When da Gama arrived in Calicut, the existing Arab traders who were fluent in Arabic and Spanish asked him what had brought him there. “Christians and spices,” he declared. His successful voyage was the start of 450 years of Portuguese colonialism over India.
When was black pepper first traded?
The history and spread of black pepper have been based on trade and access to South Asia, from ancient to Medieval and more modern periods. Europe and China both had developed a taste for black pepper by the late 1st millennium BCE. It became a spice that became common to many cuisines in the Old World.
Is black pepper healthy?
Black pepper (Piper Nigrum L.) is an important healthy food owing to its antioxidant, antimicrobial potential and gastro-protective modules. Black pepper, with piperine as an active ingredient, holds rich phytochemistry that also includes volatile oil, oleoresins, and alkaloids.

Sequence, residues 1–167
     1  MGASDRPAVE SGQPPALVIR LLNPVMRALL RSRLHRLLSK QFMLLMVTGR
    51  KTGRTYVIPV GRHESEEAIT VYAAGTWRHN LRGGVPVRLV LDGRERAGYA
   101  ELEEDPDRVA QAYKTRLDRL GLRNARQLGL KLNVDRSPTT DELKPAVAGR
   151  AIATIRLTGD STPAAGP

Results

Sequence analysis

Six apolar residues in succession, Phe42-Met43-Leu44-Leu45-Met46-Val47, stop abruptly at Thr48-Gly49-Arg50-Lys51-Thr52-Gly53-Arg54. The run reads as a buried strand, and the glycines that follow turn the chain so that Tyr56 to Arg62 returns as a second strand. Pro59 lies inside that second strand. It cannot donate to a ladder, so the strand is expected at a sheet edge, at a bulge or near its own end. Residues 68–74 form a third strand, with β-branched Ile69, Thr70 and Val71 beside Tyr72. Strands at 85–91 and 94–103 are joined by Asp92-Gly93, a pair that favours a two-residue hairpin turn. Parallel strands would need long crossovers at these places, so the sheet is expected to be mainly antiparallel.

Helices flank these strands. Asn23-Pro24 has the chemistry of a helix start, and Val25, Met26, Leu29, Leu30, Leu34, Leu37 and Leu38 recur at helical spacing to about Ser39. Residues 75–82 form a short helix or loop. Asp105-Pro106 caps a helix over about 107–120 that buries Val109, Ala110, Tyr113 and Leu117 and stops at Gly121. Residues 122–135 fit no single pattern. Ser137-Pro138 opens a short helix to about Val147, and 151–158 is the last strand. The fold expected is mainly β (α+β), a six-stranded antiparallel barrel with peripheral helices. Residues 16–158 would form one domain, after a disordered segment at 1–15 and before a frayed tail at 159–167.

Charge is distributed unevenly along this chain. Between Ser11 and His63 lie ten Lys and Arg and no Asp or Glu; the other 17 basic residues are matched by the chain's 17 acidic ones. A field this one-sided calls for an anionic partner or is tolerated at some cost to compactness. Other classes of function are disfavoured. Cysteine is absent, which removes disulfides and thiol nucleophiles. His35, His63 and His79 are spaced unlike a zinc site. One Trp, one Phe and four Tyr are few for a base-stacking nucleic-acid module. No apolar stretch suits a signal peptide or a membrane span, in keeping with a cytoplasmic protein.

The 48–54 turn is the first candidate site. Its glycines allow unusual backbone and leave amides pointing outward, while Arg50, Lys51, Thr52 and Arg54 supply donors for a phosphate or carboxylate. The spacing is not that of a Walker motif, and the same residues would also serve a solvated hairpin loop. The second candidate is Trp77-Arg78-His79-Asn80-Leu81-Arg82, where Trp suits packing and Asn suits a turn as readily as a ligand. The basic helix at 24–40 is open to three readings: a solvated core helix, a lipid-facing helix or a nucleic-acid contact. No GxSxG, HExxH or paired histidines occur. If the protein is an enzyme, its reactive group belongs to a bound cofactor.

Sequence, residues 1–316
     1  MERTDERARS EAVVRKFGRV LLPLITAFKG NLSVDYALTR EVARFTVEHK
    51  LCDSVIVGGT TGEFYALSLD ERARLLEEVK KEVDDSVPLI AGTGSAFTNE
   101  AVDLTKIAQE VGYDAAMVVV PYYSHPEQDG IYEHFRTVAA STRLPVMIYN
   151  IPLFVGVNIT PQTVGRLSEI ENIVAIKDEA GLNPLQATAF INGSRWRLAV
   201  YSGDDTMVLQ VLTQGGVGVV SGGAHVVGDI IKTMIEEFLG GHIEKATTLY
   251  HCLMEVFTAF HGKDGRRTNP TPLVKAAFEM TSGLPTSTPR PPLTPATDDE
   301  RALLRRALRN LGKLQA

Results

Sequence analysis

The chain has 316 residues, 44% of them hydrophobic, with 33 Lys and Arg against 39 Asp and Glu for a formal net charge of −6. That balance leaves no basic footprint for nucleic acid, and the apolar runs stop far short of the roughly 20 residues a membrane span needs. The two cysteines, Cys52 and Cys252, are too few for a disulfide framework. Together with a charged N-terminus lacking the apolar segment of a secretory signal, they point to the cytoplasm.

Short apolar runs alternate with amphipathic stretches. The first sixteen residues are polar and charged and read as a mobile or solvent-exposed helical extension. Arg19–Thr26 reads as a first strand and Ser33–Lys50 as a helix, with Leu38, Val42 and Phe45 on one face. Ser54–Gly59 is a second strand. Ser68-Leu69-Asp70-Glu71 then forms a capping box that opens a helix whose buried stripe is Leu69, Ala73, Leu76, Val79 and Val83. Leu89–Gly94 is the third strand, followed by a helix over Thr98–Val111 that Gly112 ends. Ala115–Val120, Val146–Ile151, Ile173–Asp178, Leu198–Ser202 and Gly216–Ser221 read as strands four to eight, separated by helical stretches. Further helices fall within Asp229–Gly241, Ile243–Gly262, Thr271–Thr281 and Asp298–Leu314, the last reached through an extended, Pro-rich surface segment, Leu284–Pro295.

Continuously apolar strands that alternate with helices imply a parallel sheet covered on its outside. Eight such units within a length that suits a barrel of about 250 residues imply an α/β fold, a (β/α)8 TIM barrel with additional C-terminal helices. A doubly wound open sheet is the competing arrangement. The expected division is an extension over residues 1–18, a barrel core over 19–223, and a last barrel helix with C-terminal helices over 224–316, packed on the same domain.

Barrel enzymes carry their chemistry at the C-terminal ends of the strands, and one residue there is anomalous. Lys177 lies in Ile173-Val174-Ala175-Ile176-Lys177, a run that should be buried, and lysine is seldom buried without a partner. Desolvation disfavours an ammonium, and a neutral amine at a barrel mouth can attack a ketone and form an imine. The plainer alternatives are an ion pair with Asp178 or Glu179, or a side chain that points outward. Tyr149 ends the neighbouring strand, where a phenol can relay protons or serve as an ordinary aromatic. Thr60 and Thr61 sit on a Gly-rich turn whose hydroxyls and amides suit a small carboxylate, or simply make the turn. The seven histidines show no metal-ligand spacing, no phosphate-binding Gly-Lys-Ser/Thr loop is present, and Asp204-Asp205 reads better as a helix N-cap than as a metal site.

Which crop is king of spices?
Black pepper (Piper nigrum L.) universally acclaimed as “Black Gold” and also known as “King of Spices” is one of the great economically important agricultural commodities of commerce and trade in India since pre-historic period.
Why did black pepper become popular?
Over the next few hundred years, black pepper’s popularity skyrocketed—so much so that when Alaric the Visigoth sacked Rome in the 5th century, he demanded 3,000 pounds of peppercorns as part of his ransom. It was even used as a form of currency in some cases, much like salt before it.
Is black pepper from the Old World?
Black pepper (Piper nigrum), the true pepper, is economically the most important species of the pantropical pepper family (Piperaceae). … It is native to Java, whence it was introduced into other tropical countries.
How did black pepper become popular?
As it happens, black peppercorns, which come from the piper nigrum vine, came to prominence on the Western table as an also-ran. In ancient times, when spices were both medicine and food, a different member of the piperaceae family ruled. … As a result, the spice was popular in ancient Greece and Rome.